Asia has been the site of growth in the past decade. But in the coming years Asia is going to slow down. China’s economy has grown with sluggish rate past year, and the Future is not so bright.
Lack of demand locally, political instability and terrorism has led to uncertainty in policy making. Major development is the slump of Hong Kong, Indonesia and Singapore.
China which was the driving force in the past decade with double digit growth. However growth of this degree is not going to continue. It is the same old property market crash that is responsible for the slowdown in China.
Distress in Chinese Economy
In this bleak scenario, there is a silver lining. The South East Asian economy led by India is going strong. It is not big but signals are of growth. India is experiencing an increase in growth by 15% as compared to last year. The markets are growing with a stable government in India. Exports have shown a double digit growth in all major nations of the region. Many countries like Bangladesh are really picking up. Sri Lanka is showing continued strong growth at 8.2%. India in a major policy shake up has US supporting with export policy relaxation. Infrastructural growth is picking up leading to major investors drawn to the area. So Asia will have a flat growth. But the encouraging factor is that the region as a whole will continue its upswing. The only worrying factor is China. The major worry for China is the Property slowdown which can be taken care of by changing the credit policy. So, fasten you seat belts the bump is coming!!!!!
Theresa May’s recent antics have caused quite a buzz around town. The National Union for Students is staunchly against her wishes to send international students back home after finishing their education without getting a chance to find work within the country, and many international students have expressed their discontent too.
This discontent stems from the fact that international or Non-EU students contribute quite a lot to the UK economy every year, and they do deserve to find work in the country. First of all, non-EU students pay higher fees to study here- UK is supposed to have received about £8 billion through fees from non-EU students alone. Besides this, international students’ expenditure outside the university contributes about £3.8 billion to the economy.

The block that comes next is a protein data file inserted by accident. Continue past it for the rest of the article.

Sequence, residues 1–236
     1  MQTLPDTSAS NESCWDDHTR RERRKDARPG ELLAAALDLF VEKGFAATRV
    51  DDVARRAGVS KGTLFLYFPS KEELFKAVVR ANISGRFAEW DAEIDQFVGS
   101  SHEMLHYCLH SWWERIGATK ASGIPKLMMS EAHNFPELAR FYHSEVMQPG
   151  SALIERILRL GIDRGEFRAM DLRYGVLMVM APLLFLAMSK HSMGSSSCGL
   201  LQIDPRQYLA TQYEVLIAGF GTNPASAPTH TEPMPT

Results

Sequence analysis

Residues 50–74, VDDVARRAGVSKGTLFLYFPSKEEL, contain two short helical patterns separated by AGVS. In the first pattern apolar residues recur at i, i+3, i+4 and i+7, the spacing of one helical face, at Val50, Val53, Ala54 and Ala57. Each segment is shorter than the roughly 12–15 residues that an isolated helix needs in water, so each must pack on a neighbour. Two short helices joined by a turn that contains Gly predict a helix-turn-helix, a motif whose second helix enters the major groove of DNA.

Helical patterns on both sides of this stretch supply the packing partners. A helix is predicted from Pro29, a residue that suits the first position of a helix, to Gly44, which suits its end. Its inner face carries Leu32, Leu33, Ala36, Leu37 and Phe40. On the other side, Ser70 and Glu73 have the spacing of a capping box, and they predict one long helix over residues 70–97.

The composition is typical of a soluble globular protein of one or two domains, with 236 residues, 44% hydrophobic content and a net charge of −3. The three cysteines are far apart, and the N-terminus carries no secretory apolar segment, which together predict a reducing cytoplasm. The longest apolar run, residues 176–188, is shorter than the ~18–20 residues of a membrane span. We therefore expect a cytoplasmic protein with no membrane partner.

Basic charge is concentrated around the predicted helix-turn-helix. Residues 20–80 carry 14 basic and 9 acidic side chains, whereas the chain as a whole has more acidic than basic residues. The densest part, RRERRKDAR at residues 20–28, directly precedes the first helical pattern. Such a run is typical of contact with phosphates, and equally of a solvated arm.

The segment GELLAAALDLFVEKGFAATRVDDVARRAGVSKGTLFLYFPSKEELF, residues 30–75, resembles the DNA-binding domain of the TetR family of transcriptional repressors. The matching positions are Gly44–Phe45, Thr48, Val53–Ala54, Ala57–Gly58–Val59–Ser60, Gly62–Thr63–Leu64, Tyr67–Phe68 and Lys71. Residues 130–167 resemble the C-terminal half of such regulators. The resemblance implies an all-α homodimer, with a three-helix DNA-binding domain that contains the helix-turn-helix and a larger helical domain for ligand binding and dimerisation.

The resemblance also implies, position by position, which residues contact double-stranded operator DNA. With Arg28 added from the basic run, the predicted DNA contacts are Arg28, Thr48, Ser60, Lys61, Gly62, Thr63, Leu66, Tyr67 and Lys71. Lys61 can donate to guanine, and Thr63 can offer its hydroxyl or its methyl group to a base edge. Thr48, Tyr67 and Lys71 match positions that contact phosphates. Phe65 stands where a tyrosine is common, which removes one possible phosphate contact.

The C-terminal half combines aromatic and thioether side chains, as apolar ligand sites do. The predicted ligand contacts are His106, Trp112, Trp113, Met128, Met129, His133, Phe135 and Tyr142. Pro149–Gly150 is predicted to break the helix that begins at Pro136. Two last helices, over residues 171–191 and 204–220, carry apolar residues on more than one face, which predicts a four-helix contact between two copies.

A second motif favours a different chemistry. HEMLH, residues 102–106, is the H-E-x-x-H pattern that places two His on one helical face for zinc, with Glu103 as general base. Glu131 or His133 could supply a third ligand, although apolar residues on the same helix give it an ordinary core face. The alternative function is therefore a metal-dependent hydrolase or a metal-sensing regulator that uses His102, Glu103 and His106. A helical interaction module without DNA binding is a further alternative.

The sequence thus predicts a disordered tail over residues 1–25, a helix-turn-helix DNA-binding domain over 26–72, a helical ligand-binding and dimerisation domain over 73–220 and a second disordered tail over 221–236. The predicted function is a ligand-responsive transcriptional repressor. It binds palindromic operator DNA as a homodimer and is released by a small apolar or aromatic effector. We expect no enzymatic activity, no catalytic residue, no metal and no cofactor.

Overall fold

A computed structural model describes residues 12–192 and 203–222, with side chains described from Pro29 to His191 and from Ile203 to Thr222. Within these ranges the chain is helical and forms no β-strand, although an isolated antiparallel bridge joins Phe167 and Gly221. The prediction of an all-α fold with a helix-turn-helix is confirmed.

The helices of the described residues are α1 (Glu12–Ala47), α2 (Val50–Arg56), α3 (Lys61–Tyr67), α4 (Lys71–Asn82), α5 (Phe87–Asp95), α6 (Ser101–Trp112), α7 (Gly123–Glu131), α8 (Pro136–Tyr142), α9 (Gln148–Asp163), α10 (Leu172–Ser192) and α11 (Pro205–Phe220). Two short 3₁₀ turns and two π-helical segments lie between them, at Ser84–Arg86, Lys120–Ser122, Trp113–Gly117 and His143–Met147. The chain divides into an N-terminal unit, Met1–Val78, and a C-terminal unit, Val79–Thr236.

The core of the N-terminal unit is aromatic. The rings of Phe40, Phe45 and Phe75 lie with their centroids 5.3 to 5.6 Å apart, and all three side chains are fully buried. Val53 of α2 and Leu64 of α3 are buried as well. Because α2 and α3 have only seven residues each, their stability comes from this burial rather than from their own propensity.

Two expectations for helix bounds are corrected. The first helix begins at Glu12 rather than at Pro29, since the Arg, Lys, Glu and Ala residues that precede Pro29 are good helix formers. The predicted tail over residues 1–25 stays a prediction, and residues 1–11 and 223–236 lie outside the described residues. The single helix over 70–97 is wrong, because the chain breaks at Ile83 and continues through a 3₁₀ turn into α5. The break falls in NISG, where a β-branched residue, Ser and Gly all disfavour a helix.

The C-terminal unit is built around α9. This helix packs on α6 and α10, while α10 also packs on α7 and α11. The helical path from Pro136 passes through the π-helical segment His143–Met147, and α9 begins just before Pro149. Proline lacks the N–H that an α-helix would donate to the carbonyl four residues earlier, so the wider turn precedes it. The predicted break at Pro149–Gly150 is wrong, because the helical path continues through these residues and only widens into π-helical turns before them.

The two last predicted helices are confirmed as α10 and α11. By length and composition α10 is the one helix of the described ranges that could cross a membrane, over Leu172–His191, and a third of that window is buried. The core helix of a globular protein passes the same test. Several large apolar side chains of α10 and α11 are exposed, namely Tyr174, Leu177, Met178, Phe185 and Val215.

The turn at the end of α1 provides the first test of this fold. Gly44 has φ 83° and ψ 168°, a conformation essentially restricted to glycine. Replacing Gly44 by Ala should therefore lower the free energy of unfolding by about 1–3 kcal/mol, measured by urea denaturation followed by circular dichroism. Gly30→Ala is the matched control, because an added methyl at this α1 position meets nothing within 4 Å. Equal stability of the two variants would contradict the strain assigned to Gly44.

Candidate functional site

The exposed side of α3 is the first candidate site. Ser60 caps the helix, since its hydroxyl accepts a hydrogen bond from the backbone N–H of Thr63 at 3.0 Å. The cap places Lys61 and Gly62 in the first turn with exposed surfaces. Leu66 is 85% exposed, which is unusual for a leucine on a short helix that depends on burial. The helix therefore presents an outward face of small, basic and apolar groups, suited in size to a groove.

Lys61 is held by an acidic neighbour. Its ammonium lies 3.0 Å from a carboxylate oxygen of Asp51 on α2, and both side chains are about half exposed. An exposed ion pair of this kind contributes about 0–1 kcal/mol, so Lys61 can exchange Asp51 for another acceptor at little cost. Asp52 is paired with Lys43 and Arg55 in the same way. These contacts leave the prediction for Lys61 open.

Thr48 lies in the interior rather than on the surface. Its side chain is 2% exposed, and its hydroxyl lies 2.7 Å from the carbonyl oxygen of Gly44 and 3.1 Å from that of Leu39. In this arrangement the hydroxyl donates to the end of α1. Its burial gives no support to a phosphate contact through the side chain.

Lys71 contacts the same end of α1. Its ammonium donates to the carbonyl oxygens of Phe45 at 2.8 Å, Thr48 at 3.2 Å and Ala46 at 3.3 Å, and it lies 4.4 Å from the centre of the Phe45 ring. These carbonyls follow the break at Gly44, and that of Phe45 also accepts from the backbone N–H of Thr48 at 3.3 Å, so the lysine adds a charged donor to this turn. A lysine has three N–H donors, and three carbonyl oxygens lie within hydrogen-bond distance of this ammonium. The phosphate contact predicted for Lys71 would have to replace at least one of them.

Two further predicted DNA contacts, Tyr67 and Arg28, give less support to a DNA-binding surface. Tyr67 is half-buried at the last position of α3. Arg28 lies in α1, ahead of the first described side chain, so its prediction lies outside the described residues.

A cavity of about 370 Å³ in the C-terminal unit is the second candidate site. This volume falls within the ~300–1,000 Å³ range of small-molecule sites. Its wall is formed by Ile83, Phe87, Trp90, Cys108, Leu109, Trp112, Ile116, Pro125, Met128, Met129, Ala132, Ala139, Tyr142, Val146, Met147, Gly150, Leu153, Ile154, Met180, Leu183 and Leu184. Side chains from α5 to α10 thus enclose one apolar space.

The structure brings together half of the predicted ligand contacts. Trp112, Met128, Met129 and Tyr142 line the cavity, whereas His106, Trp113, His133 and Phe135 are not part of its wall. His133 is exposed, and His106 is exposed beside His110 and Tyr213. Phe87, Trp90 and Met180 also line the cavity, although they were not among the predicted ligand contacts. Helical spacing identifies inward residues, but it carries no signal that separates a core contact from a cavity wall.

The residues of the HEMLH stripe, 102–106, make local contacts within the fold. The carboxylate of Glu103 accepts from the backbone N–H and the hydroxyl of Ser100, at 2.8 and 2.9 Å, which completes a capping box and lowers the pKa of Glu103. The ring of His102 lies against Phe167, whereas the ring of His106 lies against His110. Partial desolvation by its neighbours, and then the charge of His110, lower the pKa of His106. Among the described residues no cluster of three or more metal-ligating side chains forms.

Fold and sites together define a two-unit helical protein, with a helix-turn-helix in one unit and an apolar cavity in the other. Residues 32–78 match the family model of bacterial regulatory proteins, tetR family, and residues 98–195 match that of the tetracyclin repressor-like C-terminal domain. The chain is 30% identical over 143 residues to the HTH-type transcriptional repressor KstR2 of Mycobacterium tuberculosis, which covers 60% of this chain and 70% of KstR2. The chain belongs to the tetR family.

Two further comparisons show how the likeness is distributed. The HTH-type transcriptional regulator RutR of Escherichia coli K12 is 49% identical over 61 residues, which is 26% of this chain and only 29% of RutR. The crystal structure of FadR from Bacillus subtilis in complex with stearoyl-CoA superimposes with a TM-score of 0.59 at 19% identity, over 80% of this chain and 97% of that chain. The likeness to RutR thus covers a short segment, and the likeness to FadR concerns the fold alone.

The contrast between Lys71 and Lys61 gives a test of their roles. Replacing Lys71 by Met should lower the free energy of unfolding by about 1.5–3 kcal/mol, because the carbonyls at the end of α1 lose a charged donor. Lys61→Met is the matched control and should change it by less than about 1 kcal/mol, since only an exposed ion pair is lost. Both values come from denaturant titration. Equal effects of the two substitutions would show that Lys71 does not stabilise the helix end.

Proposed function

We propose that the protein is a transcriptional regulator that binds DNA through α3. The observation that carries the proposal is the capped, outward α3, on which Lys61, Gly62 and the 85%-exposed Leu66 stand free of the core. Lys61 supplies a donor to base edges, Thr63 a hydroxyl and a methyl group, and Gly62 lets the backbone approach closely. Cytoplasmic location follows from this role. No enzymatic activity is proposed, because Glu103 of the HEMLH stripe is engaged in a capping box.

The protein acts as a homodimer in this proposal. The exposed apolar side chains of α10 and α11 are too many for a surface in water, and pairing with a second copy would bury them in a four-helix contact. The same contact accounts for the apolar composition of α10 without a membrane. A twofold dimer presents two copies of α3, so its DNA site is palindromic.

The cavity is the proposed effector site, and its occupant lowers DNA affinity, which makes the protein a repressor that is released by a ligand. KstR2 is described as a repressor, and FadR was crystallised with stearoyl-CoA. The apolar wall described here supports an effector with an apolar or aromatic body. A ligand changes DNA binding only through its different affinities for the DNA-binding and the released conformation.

Besides this, non-EU students are supposed to have generated about 20% of the output in the higher education sector, and they continue creating new jobs every single year. Not only is it a bad idea to provide education to a set of people and then turning these qualified individuals away from the country an ethical bad idea, it is a bad idea for the economy too. A lot of non-EU students have reported feeling unwelcome in the UK, and such laws are not going to encourage feelings of goodwill towards the country, either.
A lot of people are still out of the loop about the situation in Greece, and it is understandable. It is not that easy to explain just what has happened to Greece that has sent it spiraling down the economic drain for the past few years.
It can be traced back to the Greek government offering pay-rises to government employees, who formed about 1/5th of the country’s working population. The Greek government did not have a very stable or strict regimen of debt collection in place, which made things worse, for more money was going out of the government’s treasury than the income. At this point, the government turned to other countries of the EU, who were ready to provide Greece with the loan necessary. EU regulations required the deficit of a country to remain around 3%, and at that point Greece reported a deficit of 3.4%.
However, when the new government came into force in 2010, it was revealed that the old government had reported the wrong numbers. The economy was much worse than the other countries in the EU expected, and Greece now owed billions of euros to the other members of the EU. In order to repay these loans, they had to take further loans, sending the country into even deeper debt. The Greek economy, since then, has been taking a number of austerity measures to control spending and reduce borrowing, but it is expected that the economic condition will stay this sore at least till 2020.